sharing a positive message to the thousands of girls and women who participate
in the run – her energy inspires.
Michelle Obama does need an introduction. Everything about her
speaks strength, determination and poise for her set goals. In 2014, she spoke
to a beaming and excited group of young Africans at the Mandela Washington
Fellowship bustling with energy to return home to share what they had learned. Her
words resonated with me: ‘We’ve done this because we believe in Africa, and we
believe in all of you.  And understand we are filled with so much hope and
so many expectations for what you will achieve.  You hold the future of
your continent in your hands, and I cannot wait to see everything you will
continue to accomplish in the years ahead’. I thought at the time and still
know this is a message that many young Africans need to hear over and over
again – we have a responsibility to make our continent better, to change the
narrative and some of the undesirable realities. And of course, I am mighty
inspired by and look up to her passion for girls’ education.
Ms Leymah Gbowee (2011 Nobel Peace Prize) – I know her as a
woman who refused to take ‘NO’ for an answer at a time that her country Liberia
needed her the most. While in Addis Ababa in 2015, Ms Gbowee presented a
lightning talk about her encounters at building peace in Liberia. Her story was
striking – once she and her peers refused to back down in the face of a
life-threatening situation to voice their plea for peace brought forth to
Liberian authorities at the peak of the civil conflict that ravaged the country.
As a student of peace and conflict studies, this is a remarkable real life
example of the role that women play in peacebuilding but one which often goes
unnoticed. She stood for what she believed in.
I want to see Berchi Africa grow as a full-fledged not-for-profit
organization that partners with other like-minded organizations across Africa. I
want Berchi’s young women from Ethiopia to travel to meet and share experiences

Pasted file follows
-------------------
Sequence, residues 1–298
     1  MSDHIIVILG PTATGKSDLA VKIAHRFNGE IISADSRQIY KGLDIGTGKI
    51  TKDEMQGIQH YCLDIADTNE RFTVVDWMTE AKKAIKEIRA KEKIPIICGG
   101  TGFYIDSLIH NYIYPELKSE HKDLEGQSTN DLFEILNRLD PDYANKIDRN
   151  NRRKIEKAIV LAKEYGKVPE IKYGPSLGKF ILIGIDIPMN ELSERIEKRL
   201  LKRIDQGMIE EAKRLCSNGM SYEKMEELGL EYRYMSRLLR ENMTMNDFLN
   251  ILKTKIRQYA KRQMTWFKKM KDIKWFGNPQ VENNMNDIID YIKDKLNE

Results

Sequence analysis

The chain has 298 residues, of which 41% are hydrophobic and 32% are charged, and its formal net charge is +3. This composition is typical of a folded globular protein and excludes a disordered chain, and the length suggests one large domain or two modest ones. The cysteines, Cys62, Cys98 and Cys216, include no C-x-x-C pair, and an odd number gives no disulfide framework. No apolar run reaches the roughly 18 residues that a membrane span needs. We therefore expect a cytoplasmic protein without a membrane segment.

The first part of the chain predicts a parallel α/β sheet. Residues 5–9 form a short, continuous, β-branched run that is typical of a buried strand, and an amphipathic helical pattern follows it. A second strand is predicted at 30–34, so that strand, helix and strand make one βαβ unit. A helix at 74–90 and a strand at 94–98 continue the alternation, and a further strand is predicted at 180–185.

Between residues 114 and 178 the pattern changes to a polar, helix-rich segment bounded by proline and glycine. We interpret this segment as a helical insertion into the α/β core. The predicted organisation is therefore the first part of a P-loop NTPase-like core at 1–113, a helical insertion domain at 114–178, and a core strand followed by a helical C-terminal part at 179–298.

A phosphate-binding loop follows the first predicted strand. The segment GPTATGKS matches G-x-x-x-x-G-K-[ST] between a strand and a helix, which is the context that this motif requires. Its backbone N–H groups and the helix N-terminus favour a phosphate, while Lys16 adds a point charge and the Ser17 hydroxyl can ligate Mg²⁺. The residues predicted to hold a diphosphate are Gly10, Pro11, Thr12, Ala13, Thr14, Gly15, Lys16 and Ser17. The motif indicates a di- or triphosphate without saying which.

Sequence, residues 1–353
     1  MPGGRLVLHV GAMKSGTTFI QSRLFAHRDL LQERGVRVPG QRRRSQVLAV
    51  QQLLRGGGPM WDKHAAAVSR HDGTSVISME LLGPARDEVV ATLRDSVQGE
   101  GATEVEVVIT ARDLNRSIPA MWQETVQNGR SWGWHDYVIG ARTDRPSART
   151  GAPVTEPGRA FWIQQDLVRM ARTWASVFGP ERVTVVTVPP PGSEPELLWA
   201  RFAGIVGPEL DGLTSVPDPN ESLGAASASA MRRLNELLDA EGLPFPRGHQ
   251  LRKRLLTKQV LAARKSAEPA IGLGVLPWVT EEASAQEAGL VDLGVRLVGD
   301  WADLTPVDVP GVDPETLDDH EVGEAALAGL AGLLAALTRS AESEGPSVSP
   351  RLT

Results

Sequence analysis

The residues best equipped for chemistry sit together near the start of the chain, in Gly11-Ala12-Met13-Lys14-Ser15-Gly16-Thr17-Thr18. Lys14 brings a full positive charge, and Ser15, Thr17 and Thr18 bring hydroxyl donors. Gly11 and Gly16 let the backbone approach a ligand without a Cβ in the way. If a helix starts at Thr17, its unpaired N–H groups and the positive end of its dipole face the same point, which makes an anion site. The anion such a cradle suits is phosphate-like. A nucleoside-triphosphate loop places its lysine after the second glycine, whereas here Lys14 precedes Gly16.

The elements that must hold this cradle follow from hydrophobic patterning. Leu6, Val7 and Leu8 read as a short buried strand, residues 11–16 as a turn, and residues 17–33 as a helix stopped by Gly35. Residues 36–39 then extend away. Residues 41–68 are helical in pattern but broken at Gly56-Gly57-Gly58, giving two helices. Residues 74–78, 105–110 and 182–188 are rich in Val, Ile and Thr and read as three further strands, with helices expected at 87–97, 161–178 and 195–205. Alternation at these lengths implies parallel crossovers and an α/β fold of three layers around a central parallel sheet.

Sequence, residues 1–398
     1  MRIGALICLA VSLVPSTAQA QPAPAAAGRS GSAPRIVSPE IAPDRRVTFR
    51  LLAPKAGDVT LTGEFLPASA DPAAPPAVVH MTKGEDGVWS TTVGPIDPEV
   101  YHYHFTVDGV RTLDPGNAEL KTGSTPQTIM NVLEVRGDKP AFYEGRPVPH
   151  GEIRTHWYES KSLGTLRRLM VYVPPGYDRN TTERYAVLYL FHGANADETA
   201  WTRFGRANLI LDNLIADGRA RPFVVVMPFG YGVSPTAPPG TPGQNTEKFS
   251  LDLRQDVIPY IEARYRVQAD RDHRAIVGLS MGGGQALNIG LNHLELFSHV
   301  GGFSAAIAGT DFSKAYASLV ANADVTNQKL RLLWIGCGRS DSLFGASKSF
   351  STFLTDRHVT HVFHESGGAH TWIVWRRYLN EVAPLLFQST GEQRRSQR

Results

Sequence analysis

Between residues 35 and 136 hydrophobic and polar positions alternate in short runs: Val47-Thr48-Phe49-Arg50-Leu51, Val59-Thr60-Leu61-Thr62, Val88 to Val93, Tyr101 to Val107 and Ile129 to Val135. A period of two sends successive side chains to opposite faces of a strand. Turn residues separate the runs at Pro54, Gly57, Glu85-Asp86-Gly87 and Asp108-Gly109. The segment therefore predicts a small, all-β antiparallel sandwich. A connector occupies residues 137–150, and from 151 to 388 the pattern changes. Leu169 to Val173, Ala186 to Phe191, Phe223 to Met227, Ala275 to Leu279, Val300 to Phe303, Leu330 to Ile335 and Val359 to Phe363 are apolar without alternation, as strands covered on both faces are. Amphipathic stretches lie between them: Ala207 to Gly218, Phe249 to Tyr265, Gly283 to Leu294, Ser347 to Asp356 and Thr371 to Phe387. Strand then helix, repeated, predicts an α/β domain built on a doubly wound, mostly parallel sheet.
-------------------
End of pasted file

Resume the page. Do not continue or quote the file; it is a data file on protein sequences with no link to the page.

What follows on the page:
with peers all over Africa and vice versa. I strongly believe that knowledge is
power.  Africa holds potential, and girls
and women need to be connected to such opportunities. As a co-founder of the
Ethiopian wing of the World Association of Girl Guides and Girl Scouts, I also
want to see a strong movement sweeping across the country as a harbor for girls
and young women’s empowerment. I understand that entrepreneurship is a key
driver for our economies – I envision building a socially conscious business
that will benefit women all over Africa. Yes, I discuss my plans with my
Every country has a unique battle that girls and women face
every single day but there are some challenges that cut across the board –
early child marriage, gender based violence, less opportunities to pursue
education, rape, lower wages and so forth. Women are forced to endure
emotional, physical and society imposed strains which leave them vulnerable.
For example, calling out women is OK for some because how else is a woman
supposed to find a partner? The very established fact that a woman needs a
partner for society to define her as complete is sad reality. By whose
standards is she complete and why can she not be recognized for whom she is? On
other hand, women are not supposed to talk about their troubles – after all, they